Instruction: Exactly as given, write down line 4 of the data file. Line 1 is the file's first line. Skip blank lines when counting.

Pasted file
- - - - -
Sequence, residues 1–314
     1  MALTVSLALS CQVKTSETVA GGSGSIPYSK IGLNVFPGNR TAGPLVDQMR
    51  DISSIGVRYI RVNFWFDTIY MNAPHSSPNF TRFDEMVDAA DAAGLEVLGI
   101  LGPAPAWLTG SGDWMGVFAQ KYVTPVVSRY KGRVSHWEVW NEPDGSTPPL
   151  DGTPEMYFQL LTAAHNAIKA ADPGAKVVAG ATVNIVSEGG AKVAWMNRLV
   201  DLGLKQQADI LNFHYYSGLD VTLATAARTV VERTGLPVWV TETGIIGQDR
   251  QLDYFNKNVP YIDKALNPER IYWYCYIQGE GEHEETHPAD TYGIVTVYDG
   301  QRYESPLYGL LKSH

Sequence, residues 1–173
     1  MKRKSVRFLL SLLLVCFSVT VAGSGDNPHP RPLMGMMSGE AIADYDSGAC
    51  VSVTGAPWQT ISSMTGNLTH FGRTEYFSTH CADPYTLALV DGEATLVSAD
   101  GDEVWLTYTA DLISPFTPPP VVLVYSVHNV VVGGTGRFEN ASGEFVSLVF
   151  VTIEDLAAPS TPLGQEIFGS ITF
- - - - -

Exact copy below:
   101  LGPAPAWLTG SGDWMGVFAQ KYVTPVVSRY KGRVSHWEVW NEPDGSTPPL